(Photo/Forward-Montinique Monroe-Getty)
(Photo/Forward-Montinique Monroe-Getty)

Spending time with unhoused people challenged everything I knew about Sukkot

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Sukkot is one of the most beautiful and uplifting holidays on the Jewish calendar. As a young child, I was often taught that we leave our homes and spend time in our sukkot to remind us of the days when the Israelites were unhoused and wandering in the desert, on their way to redemption.

The way I understood it, shortly after we complete the Ten Days of Repentance, we simulate that wandering feeling, symbolically showing our trust in a higher power who protects us.

But then I started to spend time on the streets with those who lack shelter. I am an urban policy researcher who studies homelessness, and my work involves spending time in encampments and documenting the lives of those who are or recently were unhoused.

I’ve since come to recognize that our modern-day temporary dwellings can’t possibly allow us to feel the sense of uncertainty felt by those who truly have no permanent shelter. A sukkah is nothing like a tent under a bridge. But, perhaps, that’s the point.

Encampments are jarring, especially when I return to a field site after several weeks away. I often count the tents. The encampment beneath Dallas’s Interstate 30 seems more expansive than I left it a few weeks ago. There are several more tents than there were on my last visit.

I look over to the next field, where I can see another encampment that’s grown. Housing precarity continues to rise in Dallas — reaching record levels at the last point-in-time count — and the streets cannot hide it.

“Look at this girl,” says B., as I approached his neighborhood on my last visit. “Here she comes just waltzing in after being away for so long,” he jokes.

I smiled and asked him what I’d missed, assuming the lighthearted nature of the conversation would continue. It didn’t.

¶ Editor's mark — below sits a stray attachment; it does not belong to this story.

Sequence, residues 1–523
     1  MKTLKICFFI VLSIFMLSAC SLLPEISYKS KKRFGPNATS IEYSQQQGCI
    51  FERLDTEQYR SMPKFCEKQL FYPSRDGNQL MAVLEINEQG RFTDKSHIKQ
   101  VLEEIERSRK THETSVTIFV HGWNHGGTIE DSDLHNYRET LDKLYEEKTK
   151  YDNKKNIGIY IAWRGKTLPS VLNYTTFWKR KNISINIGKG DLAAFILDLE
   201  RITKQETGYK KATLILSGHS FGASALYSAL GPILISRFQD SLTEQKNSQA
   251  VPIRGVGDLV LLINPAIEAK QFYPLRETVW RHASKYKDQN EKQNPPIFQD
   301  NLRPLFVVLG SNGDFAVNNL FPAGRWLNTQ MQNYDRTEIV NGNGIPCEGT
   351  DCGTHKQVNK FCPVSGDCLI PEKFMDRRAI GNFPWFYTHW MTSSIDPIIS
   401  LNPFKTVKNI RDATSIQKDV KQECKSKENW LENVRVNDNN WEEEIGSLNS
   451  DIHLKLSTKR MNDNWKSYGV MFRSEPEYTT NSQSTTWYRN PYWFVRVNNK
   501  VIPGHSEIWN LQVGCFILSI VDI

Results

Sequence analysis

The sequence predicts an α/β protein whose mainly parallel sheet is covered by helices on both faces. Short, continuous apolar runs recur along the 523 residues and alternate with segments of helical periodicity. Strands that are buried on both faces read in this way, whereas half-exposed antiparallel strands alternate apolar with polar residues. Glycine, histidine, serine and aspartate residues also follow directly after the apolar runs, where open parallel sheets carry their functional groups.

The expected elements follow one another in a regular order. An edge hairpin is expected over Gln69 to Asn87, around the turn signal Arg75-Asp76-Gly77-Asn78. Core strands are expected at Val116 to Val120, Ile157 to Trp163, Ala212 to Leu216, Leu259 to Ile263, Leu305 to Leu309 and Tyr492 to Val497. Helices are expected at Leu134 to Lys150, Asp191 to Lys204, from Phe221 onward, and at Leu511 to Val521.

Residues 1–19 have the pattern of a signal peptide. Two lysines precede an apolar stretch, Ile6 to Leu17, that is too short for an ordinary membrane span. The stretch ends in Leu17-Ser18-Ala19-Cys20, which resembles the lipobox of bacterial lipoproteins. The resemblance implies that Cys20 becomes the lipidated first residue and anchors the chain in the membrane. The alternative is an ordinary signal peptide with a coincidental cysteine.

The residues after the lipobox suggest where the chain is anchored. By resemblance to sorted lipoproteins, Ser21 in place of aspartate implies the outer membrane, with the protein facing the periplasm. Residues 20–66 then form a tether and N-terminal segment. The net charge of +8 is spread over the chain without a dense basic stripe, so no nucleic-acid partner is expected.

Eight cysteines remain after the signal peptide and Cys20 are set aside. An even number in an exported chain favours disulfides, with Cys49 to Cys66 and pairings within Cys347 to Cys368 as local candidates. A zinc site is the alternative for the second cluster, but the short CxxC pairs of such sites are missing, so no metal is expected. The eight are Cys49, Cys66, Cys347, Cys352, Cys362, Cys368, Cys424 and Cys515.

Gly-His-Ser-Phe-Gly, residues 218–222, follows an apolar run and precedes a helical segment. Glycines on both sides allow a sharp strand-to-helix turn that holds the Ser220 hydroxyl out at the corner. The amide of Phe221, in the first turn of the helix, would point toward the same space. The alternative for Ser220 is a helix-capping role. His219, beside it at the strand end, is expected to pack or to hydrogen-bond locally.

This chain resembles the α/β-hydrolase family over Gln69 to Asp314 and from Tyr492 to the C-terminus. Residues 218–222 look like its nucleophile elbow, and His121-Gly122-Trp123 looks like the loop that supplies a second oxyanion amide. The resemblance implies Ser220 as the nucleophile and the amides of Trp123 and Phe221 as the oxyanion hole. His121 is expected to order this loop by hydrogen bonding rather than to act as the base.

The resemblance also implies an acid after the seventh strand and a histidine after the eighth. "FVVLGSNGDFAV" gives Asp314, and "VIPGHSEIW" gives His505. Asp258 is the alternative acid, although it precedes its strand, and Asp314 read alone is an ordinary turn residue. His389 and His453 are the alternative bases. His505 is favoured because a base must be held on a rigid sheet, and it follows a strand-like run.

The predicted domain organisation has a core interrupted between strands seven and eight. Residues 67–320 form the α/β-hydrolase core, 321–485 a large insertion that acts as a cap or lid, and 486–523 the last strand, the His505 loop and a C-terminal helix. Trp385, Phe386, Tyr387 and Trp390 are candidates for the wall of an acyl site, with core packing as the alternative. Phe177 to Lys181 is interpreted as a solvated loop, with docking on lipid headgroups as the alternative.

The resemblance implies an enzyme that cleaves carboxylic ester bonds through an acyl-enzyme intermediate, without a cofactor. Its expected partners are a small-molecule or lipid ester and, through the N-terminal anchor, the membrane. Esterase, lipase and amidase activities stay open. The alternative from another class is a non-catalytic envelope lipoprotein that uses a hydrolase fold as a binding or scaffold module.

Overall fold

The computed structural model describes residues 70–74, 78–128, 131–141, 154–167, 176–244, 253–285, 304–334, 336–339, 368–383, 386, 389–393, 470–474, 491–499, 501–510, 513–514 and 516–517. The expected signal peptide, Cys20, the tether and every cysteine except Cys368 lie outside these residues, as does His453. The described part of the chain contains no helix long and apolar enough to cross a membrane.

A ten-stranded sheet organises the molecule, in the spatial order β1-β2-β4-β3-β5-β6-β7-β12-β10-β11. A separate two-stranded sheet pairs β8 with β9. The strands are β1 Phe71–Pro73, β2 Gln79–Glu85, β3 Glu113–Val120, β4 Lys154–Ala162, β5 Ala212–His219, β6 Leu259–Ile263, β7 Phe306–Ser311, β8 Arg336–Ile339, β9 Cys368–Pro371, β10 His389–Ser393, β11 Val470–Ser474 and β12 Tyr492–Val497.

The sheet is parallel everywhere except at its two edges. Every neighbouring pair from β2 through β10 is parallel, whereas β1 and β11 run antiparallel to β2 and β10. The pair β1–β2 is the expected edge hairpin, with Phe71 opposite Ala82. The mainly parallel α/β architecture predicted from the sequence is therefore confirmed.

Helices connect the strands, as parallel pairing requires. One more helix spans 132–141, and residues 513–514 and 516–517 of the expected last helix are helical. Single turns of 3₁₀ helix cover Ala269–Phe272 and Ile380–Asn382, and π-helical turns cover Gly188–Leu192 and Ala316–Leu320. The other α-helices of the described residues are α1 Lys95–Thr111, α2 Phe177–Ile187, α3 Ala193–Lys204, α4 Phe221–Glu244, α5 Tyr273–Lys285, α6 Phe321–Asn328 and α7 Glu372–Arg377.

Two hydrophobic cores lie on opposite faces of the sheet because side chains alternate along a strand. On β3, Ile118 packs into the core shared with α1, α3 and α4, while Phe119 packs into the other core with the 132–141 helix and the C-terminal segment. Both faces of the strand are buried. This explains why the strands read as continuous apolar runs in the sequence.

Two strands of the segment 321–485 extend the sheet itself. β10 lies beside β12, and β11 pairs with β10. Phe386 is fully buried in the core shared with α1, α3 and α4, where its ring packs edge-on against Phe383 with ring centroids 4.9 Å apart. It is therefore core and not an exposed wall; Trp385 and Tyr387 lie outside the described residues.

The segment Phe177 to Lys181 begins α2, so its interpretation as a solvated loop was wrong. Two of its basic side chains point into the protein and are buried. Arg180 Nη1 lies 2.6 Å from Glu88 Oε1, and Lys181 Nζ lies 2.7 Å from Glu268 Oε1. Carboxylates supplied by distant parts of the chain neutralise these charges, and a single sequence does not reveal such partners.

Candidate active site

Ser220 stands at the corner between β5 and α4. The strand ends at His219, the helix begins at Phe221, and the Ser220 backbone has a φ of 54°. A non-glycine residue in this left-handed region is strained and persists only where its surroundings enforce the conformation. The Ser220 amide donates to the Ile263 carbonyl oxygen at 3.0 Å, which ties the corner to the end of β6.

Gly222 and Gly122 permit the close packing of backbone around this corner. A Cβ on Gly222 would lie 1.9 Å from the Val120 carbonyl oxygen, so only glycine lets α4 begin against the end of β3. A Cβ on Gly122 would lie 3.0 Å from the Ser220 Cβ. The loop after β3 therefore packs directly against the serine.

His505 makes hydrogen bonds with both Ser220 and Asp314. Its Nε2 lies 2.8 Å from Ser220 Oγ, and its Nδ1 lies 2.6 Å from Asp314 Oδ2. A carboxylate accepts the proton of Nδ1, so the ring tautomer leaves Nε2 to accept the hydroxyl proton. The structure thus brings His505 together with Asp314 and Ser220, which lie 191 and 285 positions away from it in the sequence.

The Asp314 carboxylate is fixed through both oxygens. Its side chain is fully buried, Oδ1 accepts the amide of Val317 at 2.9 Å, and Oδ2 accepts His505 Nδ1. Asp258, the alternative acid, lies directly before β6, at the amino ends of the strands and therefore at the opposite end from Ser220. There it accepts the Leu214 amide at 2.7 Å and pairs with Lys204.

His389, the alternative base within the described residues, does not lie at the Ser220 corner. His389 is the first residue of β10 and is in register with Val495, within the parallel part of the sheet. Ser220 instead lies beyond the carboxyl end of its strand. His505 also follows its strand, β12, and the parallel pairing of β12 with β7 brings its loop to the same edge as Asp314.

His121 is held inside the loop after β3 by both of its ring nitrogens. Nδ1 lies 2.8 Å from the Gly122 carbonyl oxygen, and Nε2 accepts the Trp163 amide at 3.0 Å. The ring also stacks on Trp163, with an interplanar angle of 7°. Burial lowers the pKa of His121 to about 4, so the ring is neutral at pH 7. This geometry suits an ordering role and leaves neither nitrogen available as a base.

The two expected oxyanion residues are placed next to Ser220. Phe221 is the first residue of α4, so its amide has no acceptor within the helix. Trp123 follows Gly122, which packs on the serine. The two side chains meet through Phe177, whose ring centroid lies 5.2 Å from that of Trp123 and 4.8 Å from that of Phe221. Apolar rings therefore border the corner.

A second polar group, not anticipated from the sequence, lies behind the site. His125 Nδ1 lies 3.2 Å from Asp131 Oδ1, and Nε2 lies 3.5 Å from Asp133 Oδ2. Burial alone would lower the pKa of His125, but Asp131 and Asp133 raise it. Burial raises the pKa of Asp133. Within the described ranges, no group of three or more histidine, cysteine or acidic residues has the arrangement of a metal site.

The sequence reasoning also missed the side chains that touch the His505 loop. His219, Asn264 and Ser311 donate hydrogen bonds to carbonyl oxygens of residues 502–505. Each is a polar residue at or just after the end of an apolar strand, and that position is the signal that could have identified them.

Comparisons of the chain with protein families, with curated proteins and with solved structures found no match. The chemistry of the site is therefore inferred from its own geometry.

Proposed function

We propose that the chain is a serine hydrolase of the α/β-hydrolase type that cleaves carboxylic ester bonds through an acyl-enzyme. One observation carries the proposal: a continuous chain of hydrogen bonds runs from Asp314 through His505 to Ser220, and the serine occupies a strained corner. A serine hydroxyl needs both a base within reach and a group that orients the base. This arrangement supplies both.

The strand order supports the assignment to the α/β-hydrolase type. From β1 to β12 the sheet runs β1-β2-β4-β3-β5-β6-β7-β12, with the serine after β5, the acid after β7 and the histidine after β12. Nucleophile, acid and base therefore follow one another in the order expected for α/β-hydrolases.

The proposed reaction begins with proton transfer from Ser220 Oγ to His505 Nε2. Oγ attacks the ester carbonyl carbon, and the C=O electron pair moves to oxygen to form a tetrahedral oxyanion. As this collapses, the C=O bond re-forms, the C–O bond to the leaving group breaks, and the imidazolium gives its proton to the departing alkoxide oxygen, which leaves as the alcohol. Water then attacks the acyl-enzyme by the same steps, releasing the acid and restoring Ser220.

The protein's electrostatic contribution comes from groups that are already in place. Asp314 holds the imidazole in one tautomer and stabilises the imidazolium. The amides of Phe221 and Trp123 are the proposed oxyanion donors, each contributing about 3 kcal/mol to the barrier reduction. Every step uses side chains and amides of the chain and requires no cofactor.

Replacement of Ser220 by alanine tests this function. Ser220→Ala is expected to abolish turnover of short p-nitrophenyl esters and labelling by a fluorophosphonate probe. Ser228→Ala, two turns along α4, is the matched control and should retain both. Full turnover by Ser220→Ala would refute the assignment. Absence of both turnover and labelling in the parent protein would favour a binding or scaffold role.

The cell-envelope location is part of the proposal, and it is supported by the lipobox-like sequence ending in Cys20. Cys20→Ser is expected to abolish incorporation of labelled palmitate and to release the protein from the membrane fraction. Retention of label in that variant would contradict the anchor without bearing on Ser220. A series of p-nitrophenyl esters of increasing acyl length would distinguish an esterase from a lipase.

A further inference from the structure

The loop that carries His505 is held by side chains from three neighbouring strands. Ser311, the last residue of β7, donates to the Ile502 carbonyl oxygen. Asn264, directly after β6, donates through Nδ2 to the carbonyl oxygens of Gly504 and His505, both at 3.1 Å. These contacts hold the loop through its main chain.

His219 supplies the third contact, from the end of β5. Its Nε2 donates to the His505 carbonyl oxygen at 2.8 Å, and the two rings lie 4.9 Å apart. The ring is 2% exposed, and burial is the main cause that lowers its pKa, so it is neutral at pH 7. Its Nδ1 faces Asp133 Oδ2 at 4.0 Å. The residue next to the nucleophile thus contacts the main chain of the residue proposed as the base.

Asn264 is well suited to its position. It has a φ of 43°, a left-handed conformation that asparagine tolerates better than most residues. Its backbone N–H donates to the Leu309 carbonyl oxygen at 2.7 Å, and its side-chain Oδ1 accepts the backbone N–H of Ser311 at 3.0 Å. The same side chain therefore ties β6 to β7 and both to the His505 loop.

A transgender woman was killed nearby a few weeks ago. And immediately before that, a man bled to death a few blocks over when emergency responders didn’t get there in time.

“We held a vigil for him,” B. told me, referring to L., the man who died.

It was a somber reminder that in the real world, there is no happy side to being unhoused, no joy in lacking the stability of a permanent residence. There is a constant sense of uncertainty, not knowing whether your life tomorrow will look like your life today. Access to basic needs — to the ability to relieve yourself without fear — is not a given. Time is experiential, with regular interactions and routines as points in time rather than objective numbers. Your sleep is never sound. Your safety can never be guaranteed.

There are certainly moments when reality can be suspended to appreciate the person in front of you or the kind and wonderful moment when shared humanity is recognized. But when that dissipates, as it always does, the darkness settles back in. The demons resurface. The constant threat of pain, suffering, loss and death cannot be ignored.

So how, I wonder, can Sukkot, the holiday of homelessness, also be referred to as “z’man simchateinu,” of happiness?

Perhaps we are meant to feel a sense of instability. After all, most Americans do not realize they are two paychecks, one major mental health crisis, and/or one significant loss away from being homeless. We vastly overestimate how much security we have, likely due to the materialism that surrounds us and the way we see unhoused people as nearly inhuman simply because they do not have ownership over a place to bathe, refrigerate their food or sleep.